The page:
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Paycheck Protection Program Round 2 – Update on Loans and Forgiveness

By May 4, 2020 May 8th, 2020 Small Business

The Paycheck Protection Program (PPP) resumed a week ago on April 27. As with round 1, there have been plenty of challenges, confusion, and some success. Here is an update for those who have received a loan or are still looking to get a loan.

Loan Status

Paycheck Protection Program Round 2 had some explicit provisions for smaller lenders to be able to provide loans. This appears to have some success as the smallest of lenders have provided 32% of the loans as of May 1. Our experience has been that the big banks are a crap shoot unless you have a great relationship with your banker there. Fintechs have been better, but the feedback we’ve heard is your application must be tight as they are trying to do a high volume of loans. The best experience is the small local bank. They are better at providing feedback on issues with an application and help a business get the loan successfully. The challenge with small banks is they could only scale so far so too many applicants would neutralize their advantage. We have definitely seen the difference when businesses worked with us or other accountants versus trying to do it themselves. We know how to get the right information for those who need it.

Forgiveness

For those who have received your PPP loan or expect to soon, the top concern is maximizing forgiveness. I wrote an article, Maximize Paycheck Protection Program Loan Forgiveness, a few weeks ago where I provided some guidance and many questions that remain unanswered. There are still many questions that remain to be answered, but some additional clarifications.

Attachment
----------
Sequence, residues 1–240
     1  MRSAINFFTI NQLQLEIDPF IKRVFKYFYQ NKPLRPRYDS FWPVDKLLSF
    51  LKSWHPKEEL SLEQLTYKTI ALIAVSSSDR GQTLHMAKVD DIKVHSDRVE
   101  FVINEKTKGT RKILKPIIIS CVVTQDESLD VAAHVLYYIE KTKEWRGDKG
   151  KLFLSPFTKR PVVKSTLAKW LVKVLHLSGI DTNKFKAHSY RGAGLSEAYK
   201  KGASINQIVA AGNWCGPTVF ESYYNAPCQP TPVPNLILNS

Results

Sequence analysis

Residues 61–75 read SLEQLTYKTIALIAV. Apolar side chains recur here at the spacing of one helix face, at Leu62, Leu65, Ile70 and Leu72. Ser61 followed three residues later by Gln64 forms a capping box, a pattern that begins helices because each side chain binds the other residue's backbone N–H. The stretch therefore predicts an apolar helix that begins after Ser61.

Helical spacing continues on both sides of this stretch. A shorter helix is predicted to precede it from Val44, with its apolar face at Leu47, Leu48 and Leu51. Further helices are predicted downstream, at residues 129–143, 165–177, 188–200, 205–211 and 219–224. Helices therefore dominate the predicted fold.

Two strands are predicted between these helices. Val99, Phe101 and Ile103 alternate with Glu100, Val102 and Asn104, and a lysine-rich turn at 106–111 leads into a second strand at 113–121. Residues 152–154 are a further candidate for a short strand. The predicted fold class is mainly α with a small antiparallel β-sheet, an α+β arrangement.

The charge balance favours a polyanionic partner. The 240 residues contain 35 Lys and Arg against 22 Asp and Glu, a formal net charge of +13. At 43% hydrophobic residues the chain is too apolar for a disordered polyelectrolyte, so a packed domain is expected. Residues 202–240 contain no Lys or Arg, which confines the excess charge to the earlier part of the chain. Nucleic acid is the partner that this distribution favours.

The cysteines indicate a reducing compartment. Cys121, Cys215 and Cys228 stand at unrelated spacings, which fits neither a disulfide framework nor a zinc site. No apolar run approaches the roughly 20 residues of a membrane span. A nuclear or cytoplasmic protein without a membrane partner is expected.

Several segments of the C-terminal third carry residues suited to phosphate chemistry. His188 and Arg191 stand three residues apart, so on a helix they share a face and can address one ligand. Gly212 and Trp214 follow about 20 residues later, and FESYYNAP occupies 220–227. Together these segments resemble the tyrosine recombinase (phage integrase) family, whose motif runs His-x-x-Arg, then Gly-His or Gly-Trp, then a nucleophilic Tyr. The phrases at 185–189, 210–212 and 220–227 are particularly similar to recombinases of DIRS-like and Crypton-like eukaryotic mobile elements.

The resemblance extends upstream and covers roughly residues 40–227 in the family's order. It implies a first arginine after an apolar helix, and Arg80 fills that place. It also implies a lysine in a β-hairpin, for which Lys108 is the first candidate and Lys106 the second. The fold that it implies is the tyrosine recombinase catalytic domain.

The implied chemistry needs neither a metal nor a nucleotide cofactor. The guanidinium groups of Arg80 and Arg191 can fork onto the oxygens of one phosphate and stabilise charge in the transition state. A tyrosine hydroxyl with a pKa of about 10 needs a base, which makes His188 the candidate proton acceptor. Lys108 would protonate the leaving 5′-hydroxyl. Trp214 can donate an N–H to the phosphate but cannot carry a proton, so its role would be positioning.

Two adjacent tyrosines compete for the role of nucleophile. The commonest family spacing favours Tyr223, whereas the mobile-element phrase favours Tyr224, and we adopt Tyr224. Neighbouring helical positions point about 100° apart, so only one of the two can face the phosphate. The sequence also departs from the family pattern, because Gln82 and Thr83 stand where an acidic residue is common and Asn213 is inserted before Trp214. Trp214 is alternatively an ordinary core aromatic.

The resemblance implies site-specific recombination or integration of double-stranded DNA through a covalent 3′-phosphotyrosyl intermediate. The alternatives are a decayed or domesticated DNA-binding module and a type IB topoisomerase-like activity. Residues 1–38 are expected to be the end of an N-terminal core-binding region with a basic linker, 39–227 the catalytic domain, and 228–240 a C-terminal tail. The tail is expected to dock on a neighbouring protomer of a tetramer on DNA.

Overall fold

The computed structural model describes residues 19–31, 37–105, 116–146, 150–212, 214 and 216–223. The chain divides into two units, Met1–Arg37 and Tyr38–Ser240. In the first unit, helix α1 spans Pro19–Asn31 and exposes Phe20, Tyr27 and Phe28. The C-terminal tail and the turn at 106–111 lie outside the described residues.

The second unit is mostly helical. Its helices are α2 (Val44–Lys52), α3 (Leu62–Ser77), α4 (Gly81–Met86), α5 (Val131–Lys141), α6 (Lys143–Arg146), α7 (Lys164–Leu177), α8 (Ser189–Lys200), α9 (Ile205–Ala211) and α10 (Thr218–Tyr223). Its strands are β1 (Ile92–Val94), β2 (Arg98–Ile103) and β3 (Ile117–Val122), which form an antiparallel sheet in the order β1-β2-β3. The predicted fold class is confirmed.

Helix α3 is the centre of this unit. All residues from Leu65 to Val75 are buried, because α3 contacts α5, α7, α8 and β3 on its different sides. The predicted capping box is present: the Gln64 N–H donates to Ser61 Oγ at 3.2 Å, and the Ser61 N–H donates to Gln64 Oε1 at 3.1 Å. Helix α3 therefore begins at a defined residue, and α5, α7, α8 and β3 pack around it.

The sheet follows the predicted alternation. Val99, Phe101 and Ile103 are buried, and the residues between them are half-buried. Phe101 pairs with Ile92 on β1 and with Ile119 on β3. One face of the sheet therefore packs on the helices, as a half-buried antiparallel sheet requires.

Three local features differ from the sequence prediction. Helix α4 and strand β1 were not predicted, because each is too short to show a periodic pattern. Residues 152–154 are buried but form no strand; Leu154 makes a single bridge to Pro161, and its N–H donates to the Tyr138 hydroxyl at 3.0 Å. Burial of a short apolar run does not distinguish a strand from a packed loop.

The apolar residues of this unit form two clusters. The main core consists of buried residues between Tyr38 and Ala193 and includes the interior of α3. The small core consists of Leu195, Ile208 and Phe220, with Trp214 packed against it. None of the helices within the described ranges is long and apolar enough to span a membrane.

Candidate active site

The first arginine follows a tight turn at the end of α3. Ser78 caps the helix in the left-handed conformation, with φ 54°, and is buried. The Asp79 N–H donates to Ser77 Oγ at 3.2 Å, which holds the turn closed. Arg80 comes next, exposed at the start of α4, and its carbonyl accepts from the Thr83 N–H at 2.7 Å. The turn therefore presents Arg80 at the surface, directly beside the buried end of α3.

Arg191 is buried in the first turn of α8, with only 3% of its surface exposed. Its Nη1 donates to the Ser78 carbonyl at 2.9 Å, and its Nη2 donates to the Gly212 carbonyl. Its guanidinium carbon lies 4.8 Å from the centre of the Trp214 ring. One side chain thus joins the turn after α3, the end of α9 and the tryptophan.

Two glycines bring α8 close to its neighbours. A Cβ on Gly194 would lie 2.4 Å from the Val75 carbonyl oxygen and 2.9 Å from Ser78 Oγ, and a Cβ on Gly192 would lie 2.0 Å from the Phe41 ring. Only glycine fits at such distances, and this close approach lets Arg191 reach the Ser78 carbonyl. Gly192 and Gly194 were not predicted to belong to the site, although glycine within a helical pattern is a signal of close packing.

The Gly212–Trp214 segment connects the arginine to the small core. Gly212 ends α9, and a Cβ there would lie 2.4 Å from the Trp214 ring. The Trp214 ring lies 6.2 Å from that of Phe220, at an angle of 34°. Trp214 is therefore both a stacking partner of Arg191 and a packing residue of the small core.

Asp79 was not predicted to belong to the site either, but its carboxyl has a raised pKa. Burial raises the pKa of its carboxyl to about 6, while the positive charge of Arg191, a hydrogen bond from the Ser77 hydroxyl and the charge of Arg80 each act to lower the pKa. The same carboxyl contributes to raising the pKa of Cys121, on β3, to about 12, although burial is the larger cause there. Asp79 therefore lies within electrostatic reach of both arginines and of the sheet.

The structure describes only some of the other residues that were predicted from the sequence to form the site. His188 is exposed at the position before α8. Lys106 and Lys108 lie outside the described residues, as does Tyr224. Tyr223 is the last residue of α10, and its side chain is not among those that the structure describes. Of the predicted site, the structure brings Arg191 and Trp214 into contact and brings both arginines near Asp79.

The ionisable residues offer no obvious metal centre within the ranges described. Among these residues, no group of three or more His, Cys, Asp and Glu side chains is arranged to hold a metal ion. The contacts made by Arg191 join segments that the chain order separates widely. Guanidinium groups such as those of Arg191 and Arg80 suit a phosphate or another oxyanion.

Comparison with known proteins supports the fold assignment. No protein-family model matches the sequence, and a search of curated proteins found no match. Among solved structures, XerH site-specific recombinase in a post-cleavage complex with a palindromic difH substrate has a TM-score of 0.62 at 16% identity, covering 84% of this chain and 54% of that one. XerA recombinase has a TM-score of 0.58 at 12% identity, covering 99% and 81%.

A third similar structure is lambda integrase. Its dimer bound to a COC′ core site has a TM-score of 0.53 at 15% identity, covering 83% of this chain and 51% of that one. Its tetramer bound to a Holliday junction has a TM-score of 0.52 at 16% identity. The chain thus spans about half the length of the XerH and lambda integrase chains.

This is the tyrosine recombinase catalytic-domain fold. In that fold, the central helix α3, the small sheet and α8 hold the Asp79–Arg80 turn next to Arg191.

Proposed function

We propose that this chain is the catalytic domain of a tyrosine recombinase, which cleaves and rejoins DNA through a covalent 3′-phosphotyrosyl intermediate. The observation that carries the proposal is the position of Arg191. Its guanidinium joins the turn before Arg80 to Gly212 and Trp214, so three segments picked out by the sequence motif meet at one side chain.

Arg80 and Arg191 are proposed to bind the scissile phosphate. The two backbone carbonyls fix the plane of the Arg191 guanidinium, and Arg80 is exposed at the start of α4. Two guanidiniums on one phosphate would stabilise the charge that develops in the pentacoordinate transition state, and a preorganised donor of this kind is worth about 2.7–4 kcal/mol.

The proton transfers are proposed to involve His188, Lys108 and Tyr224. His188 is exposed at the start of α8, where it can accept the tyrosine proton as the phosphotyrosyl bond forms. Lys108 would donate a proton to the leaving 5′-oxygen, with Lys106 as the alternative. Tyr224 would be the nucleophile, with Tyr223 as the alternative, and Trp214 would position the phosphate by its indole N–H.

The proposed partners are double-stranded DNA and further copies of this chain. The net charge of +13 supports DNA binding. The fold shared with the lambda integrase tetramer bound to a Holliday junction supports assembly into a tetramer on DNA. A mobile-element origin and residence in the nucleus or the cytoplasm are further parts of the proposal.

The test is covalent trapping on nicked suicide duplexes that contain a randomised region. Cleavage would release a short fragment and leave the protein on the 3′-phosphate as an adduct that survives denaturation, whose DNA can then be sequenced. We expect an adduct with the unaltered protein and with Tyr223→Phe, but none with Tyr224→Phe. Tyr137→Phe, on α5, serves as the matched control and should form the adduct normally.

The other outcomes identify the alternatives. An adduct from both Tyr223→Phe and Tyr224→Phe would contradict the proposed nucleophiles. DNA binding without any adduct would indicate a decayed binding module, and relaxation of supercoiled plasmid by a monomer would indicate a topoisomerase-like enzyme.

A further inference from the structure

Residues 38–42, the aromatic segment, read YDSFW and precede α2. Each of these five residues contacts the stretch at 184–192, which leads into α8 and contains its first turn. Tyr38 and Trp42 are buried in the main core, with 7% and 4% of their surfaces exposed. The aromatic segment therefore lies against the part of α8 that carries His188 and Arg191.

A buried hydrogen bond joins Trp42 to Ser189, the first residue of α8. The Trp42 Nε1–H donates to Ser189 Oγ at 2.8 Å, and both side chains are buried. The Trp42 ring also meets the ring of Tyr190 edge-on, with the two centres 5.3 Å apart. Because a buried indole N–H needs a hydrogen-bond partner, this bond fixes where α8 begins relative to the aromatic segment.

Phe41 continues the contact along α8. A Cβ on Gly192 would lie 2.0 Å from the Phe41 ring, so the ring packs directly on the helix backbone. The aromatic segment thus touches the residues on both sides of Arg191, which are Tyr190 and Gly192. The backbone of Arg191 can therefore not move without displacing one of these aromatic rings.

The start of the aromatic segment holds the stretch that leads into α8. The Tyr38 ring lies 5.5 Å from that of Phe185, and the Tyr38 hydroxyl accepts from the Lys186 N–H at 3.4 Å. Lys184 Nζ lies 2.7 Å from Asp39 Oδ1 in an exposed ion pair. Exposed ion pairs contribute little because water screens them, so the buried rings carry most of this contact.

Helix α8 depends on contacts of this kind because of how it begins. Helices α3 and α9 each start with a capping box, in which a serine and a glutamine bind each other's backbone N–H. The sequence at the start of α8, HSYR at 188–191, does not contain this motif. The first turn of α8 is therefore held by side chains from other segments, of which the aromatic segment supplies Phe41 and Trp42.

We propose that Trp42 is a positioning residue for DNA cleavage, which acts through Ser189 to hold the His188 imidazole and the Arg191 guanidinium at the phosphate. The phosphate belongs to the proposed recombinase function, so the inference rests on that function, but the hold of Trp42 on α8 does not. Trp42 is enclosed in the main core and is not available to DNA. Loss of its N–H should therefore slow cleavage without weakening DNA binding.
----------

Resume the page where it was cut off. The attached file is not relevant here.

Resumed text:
Calculating Number of Employees

Question and Answer 36 from the PPP FAQ indicates that “the CARES Act uses the standard of “fulltime equivalent employees” to determine the extent to which the loan forgiveness amount will be reduced in the event of workforce reductions.”

There is still a question of what time frames will be compared. For the pre-loan period, we believe it could be:

  • The same period as was used with the application
  • A timeframe around February 15, 2020 which is the benchmark that is used repeatedly in the CARES Act and PPP FAQ.

As to the period for measuring employee count for PPP forgiveness, it could be:

  • The entire eight-week forgivable period
  • The end of the eight-week forgivable period

Because of the uncertain nature, we would advise you employee wisely, but be careful not to obsess over loan forgiveness as there is a big land mine that was announced last week.

No Tax Deduction for You!

Everyone loves free money, but the PPP loan isn’t as free as we thought. The tax man is coming and has staked their claim.

Good News

The loan forgiveness will not be treated as income. That means whatever is forgiven is truly a gift from the government and the rest of society who fund things.

Bad News

The IRS announced that any expenses that are forgiven will be treated as non-deductible expenses.

What this means is there will be a cost to forgiveness and an added tax burden. This will unfortunately mean simply employing people may not be the best idea as it will come with a cost.

Hope Abides

The AICPA, who is the organization that manages the CPA credential, has stated that they believe the IRS is wrong and should allow forgiven expenses to be included for deduction. If there is one thing we have learned from the PPP, it is that it is constantly changing. Let’s hope that the AICPA convinces the powers that be to agree.

Borrower Beware

Sadly, the Paycheck Protection Program has become very politicized over time. I supposed we could expect no less in our super polarized society and world. Some of the criticism makes sense to us like public companies getting PPP loans instead of using the stock market for capitalization. Also, there were some noteworthy and well-funded private organizations like the Los Angeles Lakers and Harvard that also received loans. Here are some points to be aware of with the PPP:

  • Your Loan Eligibility May be Questioned
  • Your Loan May be Audited
  • Your Loan May be Public

Your Loan Eligibility May be Questioned

With public companies and well-funded private organizations getting loans, there is a growing desire for accountability. The challenge here is the main qualification is this question:

“Current economic uncertainty makes this loan request necessary to support the ongoing operations of the Applicant.”

Our initial opinion was that every business has sufficient economic uncertainty to truthfully answer this question yes. The PPP FAQ since clarified this point by stating the following in Question and Answer 31 and 37: